Support for Child Witnesses

AuthorLoree Armstrong Beniuk, Jo-Anne Hughes, and Jack Reynolds
Support for Child Witnesses
I have spent the majority of my  years as a police ocer working with children,
as a Young Oender Ocer, a School Safety Ocer and as a Sexual Assault/Child
Abuse Detective. As a result of these experiences, I have had the privilege of teach-
ing children in a pro-active and positive setting, interviewed countless child victims
and have dealt with kids who become part of the legal system as well.
A number of years ago, prior to the existence of a Centre, I was involved in a case
with a  year old female victim of a sexual assault. I did my best to prepare her for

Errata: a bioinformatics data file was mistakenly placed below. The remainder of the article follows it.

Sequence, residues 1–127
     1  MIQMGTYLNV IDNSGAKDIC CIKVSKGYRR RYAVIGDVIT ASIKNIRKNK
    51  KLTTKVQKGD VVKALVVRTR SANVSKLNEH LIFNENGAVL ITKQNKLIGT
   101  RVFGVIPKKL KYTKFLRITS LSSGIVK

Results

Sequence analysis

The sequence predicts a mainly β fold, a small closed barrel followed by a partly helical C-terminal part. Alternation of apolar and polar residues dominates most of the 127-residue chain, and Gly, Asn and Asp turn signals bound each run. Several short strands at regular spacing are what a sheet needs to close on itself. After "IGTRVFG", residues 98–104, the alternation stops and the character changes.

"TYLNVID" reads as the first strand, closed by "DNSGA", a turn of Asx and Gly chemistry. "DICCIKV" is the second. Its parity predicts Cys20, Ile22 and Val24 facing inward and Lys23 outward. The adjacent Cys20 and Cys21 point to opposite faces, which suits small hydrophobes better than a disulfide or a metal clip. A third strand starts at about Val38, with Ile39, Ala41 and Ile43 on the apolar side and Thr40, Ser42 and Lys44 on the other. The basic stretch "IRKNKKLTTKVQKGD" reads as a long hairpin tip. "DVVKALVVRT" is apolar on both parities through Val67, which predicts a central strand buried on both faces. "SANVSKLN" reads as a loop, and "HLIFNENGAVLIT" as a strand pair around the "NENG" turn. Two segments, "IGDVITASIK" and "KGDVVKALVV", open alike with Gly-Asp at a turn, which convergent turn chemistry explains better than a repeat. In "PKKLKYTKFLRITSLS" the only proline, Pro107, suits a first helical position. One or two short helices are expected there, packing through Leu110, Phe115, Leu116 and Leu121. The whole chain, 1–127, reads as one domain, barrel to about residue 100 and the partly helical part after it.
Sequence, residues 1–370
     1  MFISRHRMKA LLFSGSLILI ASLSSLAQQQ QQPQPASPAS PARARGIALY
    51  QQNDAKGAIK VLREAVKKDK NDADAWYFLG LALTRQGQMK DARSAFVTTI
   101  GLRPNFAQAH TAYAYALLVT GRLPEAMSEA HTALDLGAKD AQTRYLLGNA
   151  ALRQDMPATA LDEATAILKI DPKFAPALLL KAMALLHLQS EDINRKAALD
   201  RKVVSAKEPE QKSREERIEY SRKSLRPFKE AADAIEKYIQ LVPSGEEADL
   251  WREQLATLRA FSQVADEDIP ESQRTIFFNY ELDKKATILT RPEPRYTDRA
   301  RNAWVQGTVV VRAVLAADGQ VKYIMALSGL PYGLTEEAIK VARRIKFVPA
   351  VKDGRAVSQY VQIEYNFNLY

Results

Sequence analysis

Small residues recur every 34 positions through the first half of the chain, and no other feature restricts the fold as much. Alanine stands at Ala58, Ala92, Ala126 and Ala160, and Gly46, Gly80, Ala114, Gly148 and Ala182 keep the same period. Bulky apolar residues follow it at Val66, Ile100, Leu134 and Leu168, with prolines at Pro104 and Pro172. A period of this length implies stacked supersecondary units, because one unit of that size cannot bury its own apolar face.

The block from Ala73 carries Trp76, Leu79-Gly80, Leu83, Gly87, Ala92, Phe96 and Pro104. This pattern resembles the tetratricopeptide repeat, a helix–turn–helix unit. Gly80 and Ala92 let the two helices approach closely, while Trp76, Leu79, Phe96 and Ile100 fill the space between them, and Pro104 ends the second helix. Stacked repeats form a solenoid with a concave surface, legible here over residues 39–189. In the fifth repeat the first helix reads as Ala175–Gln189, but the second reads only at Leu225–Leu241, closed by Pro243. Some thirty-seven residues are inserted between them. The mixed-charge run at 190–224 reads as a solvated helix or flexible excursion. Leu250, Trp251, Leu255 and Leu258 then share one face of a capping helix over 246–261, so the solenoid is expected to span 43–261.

court but right before she was scheduled to testify, she broke down and was unable
to go on. e Crown withdrew the matter and a short time later the child changed
her mind and wanted to testify. It was VERY dicult explaining to her that the case
had been withdrawn and that she could no longer testify even though she wanted
to. I am certain that this scenario has played out in many court rooms in the past.
e establishment of an increasing number of child witness programs across the
province very much reduces the risk of it happening in future.
—Comments from a Guelph Police Ocer, who subsequently joined the
Board of Directors of the Waterloo Region Child Witness Centre
Children who are required to testify in court, either as a victim of or a
witness to a crime, have special needs that are dif‌ferent from those of
adults. The support services described in this chapter and the following
three chapters are available to children in both circumstances.
Children are oen involuntary participants in a system that is adver-
sarial, alien, and frightening to them. They are frequently stressed about

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